If you listen carefully, you can hear people asking- about all of these things (and more)

“is this it? The end of the world as we know it?”

many turn to religion for answers to those kinds of questions,

but no matter what the question, the answers are elusive.

and it was no different for Jesus closest friends.

we can hardly blame them for asking Jesus for some help in reading the signs…

they have been engaged in the same sort of debates as they journey – with Jesus – towards their own doomsday in Jerusalem

who wouldn’t want a head start on the end of time?

Who doesn’t want to be “absolutely prepared” when God brings down the final curtain?

But there is a problem – beyond the fact that only God knows the details.

Did you hear it?

In the midst of Jesus’ stark description of the way things are (and must be…):

“This is but the beginning of the birth-pangs” Jesus says.

Birth pangs…something is being created, not destroyed.

Sorry for all you thriller movie buffs,

but end-of-time scenarios that involve devastation and destruction –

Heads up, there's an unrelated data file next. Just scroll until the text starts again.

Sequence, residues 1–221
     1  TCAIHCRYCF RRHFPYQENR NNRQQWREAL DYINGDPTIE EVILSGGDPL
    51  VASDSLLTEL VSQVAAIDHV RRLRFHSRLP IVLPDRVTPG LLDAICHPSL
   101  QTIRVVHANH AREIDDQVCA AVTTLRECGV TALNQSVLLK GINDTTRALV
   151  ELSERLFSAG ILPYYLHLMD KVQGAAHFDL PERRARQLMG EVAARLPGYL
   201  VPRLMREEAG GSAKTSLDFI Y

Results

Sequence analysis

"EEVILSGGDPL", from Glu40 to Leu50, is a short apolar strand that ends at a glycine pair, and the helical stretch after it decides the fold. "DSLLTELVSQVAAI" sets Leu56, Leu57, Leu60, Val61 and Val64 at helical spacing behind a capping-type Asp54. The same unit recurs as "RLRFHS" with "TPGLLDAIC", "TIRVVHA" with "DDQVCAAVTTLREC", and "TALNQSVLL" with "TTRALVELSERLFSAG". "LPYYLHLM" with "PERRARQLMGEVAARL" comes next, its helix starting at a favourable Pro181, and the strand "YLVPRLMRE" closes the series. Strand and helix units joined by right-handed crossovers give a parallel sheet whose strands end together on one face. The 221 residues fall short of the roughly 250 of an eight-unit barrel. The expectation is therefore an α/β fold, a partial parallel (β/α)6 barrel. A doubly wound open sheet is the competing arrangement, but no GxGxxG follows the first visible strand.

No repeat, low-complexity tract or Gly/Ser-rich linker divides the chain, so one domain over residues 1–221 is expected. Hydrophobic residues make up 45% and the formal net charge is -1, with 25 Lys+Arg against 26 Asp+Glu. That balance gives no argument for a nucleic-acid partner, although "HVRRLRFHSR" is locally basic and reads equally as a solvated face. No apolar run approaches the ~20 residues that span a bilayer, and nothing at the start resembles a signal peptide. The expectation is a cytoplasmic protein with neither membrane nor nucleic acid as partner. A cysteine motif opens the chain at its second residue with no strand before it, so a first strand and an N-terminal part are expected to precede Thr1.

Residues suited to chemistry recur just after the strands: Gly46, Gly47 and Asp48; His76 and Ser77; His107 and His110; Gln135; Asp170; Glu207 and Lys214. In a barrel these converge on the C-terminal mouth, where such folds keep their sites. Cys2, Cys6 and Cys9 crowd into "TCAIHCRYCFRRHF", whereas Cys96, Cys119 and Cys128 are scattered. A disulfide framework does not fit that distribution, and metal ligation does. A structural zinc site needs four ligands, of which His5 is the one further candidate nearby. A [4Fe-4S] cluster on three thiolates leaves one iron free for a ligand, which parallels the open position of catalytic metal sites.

these are human inventions.

God is in the creation business.

I am unusually privileged, in my vocation.

I am invited into the most vulnerable and chaotic times in the lives of God’s people.

I am asked to hold hands while the very foundations of the world seem to come apart.

I have mourned for unborn children, and broken relationships.

I have seen future hopes dashed, and watched addictions destroy families.

I have noticed that no one is immune from tragedy –

the faithful and the faithless alike are subject to terrible tragedy –

but I have also noticed that, once the dust clears,

there is always something new waiting to be discovered.

Our birth-pangs are bitter and tumultuous – soul-shaking and faith challenging

when they will end, God only knows,

but something new is always the result.